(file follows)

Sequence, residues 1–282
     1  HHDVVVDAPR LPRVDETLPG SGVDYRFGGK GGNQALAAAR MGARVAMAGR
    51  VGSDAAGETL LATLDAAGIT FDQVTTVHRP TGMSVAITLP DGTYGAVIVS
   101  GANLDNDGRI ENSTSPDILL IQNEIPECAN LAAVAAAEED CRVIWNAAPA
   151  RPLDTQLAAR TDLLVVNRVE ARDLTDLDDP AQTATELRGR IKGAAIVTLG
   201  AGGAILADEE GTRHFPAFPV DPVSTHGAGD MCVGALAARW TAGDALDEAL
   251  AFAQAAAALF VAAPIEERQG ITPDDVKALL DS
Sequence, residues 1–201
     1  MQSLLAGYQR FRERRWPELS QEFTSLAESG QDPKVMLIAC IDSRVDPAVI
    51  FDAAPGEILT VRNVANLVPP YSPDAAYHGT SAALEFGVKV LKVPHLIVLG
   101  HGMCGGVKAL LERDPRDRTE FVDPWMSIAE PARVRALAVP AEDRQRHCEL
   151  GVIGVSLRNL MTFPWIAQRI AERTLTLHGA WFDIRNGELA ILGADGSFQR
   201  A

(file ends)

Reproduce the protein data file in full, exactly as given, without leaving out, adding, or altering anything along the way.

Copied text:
Sequence, residues 1–282
     1  HHDVVVDAPR LPRVDETLPG SGVDYRFGGK GGNQALAAAR MGARVAMAGR
    51  VGSDAAGETL LATLDAAGIT FDQVTTVHRP TGMSVAITLP DGTYGAVIVS
   101  GANLDNDGRI ENSTSPDILL IQNEIPECAN LAAVAAAEED CRVIWNAAPA
   151  RPLDTQLAAR TDLLVVNRVE ARDLTDLDDP AQTATELRGR IKGAAIVTLG
   201  AGGAILADEE GTRHFPAFPV DPVSTHGAGD MCVGALAARW TAGDALDEAL
   251  AFAQAAAALF VAAPIEERQG ITPDDVKALL DS
Sequence, residues 1–201
     1  MQSLLAGYQR FRERRWPELS QEFTSLAESG QDPKVMLIAC IDSRVDPAVI
    51  FDAAPGEILT VRNVANLVPP YSPDAAYHGT SAALEFGVKV LKVPHLIVLG
   101  HGMCGGVKAL LERDPRDRTE FVDPWMSIAE PARVRALAVP AEDRQRHCEL
   151  GVIGVSLRNL MTFPWIAQRI AERTLTLHGA WFDIRNGELA ILGADGSFQR
   201  A